road_to_the_cross_jekelThe Cross is ‘the abyss of wonders, the centre of desires, the school of virtues, the house of wisdom, the throne of love, the theatre of joys, and the place of sorrows; It is the root of happiness and the gate of Heaven’. It teaches us the way to the kingdom within us, by giving ourselves up to Love: ‘Teach me, O Lord, these mysterious ascensions. By descending into Hell for the sake of others, let me ascend into the glory of the Highest Heavens.’

Non-Christians may struggle with the Christology of this. Is Traherne saying the only way to God is through Christ, because Christ paid the debt of Original Sin? Anglicans would argue that he does say this – certainly in other books he is more dogmatic, less ecstatic. But I’m not sure Centuries argues this. It makes no mention of the Devil, nor much mention of Adam and Original Sin.

For Traherne, our fall comes after childhood, when we take on the opinions of the world. And we are freed from that fall when we become as children again and learn how much we are loved by God, and reciprocate that love. But Christ’s sacrifice made that liberation much easier. I don’t think I would necessarily have got better if Love had not lifted me out of the pit.

Does that mean The Only Way to God is through the worship of Christ? Traherne writes, intriguingly: ‘There are exceeding few such Heavenly Lovers as Jesus was, who imparted His own soul unto us. Yet some may doubtlessly be found.’ So perhaps there are, in other cultures and other worlds, such Heavenly Lovers as Jesus was, who beat a path through our folly back to God.

Giving praise

When we see aright, when we enjoy aright, when we discover the fountain of infinite love in our souls, and see it in others too, then we give praise and thanks, and sing like King David: ‘Are not praises the very end for which the world was created?’

‘Praises are the breathings of interior love, the marks and symptoms of a happy life, overflowing gratitude, returning benefits, an oblation of the soul, and the heart ascending upon the wings of divine affection to the Throne of God.’

Traherne was an extraordinary writer. He uses prose as a sort of poetic incantation, spilling clause after clause, image after image, until we are astonished. He repeats certain words like ‘frame’, ‘foundation’, ‘magnified’, ‘prized’, and certain images – the eye cleansed, the throne of God – until by frequent repetition they become fixed in the reader’s mind.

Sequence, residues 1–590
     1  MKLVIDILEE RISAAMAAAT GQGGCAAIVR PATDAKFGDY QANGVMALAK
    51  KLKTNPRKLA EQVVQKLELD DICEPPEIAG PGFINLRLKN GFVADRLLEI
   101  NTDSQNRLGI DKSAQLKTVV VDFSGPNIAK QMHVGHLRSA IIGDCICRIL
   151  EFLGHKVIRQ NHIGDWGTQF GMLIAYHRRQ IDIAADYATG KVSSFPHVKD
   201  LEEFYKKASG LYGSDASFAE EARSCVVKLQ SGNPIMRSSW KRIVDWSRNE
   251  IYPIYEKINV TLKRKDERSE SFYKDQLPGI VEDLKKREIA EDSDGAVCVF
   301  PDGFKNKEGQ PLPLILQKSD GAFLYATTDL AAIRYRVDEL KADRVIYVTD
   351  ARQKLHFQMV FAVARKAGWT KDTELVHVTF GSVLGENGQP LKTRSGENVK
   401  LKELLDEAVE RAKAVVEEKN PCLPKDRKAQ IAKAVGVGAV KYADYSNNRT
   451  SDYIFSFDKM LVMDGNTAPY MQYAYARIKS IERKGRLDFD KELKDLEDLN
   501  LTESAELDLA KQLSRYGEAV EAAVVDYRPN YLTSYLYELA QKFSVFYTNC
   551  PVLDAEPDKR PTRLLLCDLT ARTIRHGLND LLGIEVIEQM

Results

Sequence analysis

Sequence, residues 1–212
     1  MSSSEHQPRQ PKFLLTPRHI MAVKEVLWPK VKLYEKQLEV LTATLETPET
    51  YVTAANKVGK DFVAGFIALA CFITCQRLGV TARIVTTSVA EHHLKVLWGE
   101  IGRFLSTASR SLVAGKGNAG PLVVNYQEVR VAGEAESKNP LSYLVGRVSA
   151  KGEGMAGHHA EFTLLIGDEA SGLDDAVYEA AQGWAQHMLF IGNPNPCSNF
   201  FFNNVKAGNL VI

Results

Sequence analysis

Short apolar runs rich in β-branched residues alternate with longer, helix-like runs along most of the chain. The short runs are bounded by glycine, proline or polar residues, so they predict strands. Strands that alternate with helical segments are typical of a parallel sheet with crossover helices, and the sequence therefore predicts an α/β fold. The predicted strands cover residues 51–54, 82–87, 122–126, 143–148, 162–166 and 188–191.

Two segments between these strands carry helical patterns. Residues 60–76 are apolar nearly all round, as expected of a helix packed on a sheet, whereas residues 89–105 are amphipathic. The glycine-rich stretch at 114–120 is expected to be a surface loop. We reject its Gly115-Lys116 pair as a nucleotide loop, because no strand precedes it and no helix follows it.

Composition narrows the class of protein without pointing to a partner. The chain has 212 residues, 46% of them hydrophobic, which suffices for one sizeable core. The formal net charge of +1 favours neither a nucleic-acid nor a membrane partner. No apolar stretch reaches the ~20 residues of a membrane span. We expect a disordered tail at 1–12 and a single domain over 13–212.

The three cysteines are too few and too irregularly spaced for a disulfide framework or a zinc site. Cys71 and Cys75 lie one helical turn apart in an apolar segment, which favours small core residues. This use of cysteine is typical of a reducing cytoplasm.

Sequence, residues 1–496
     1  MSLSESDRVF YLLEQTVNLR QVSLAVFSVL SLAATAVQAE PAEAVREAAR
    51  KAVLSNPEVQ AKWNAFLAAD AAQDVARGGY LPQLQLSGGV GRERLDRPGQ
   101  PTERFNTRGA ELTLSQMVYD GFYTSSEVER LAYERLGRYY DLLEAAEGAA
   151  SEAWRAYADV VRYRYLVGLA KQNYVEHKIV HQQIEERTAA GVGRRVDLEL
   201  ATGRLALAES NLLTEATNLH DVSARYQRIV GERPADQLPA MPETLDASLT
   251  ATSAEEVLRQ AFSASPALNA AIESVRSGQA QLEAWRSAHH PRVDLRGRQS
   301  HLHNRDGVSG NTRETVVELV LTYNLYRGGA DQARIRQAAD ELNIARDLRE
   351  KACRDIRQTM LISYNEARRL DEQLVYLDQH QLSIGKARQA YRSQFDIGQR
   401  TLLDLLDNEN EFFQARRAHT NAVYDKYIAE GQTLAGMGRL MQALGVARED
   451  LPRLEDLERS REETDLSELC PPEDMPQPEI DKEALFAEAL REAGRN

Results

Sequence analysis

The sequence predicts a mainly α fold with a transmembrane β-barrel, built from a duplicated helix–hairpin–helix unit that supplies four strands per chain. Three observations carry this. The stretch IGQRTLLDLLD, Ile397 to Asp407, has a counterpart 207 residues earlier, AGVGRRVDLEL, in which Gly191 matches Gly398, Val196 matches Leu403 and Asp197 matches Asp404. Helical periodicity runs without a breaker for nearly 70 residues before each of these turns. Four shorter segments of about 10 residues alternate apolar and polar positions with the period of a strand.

And Traherne was an extraordinary soul. The rest of us have our ups and downs, our good days and bad days. Traherne seemed peculiarly in touch with the Divine, and saw our ‘customary folly’ peculiary clearly. He is a prime example of what William James called ‘the once-born soul’, brimming with an almost bumptious optimism and certainty that he is loved by God, and through his certainty making us wonder if (could it really be?) we are also loved by God too.

I can barely remember what it was like to see that light on the mountainside and to feel connected to an infinite love. Fifteen years on, I remain the same lazy, petulant, misanthropic and egotistical person as ever. But when I read Traherne, very briefly, I seem to remember what I felt. This unknown country parson was, you could say, the richest man in the world, and he left his inheritance to all of us.

Here are some beautiful Traherne quotes I gathered together. And here is a very good speech by the Bishop of London about why Traherne is so vital for our own times.

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F1.large100 years ago this year, James Joyce published Dubliners, his first book, in which he explored the lives of characters through what he called ‘epiphanies’. He’d been experimenting with epiphanies for some years, and even started to write a ‘book of epiphanies’, which he intended – with customary modesty – to send to every library in the world. You can read some of them here.

Epiphanies were, for Joyce the lapsed Catholic, a way to retain a sense of the sacerdotal in everyday life, while still throwing off the ponderous moralisms and barbarous superstitions of the Catholic Church. And many other writers and readers have found in the epiphany a way to retain a sense of spirituality beyond any institution or dogma. In that sense, the literary epiphany is a precursor of the ‘Spiritual but not Religious’ movement of today. And I think it reveals some of the limits of that movement.

The word epiphany comes from the Greek epi-phanein, meaning ‘to show forth, or manifest’. In Christian theology it usually means a revelation of God – in western churches, the Feast of Epiphany celebrates the recognition of Jesus by the Three Magi, while in the orthodox church, Epiphany refers to the moment St John baptises Jesus and the Holy Spirit comes down and anoints him.

Joyce was particularly influenced by the ideas of Thomas Aquinas, the 12th century philosopher, who described epiphanies as moments of realization, where you see a thing’s claritas (radiance), and its quidditas (whatness). The artist, like the mystic, sees something, hears something, tastes something, and is suddenly struck by its incredible luminous quidditas.

This can happen sometimes when you’re on magic mushrooms or LSD – you become completely transfixed by a packet of crisps, by their incredible crispiness. Or you may suddenly see a mate of yours, Jimmy, and be almost overwhelmed by their extraordinary Jimminess.

However, because we’re not being artists, we would struggle to communicate this sudden epiphany to other people. It would just sound weird. The artist, by contrast, has the ability to describe the thing in all its quidditas and to help us achieve a mini-epiphany too. They can capture the epiphany in language, like a lepidopterist capturing a butterfly.